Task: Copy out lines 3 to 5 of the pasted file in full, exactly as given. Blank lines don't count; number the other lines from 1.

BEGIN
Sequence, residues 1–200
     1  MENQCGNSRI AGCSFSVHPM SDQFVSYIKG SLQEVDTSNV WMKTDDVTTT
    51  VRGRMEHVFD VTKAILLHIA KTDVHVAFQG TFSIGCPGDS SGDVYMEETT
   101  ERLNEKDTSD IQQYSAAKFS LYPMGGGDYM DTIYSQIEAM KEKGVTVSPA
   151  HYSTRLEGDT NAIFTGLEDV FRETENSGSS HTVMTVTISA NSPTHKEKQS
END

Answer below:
    51  VRGRMEHVFD VTKAILLHIA KTDVHVAFQG TFSIGCPGDS SGDVYMEETT
   101  ERLNEKDTSD IQQYSAAKFS LYPMGGGDYM DTIYSQIEAM KEKGVTVSPA
   151  HYSTRLEGDT NAIFTGLEDV FRETENSGSS HTVMTVTISA NSPTHKEKQS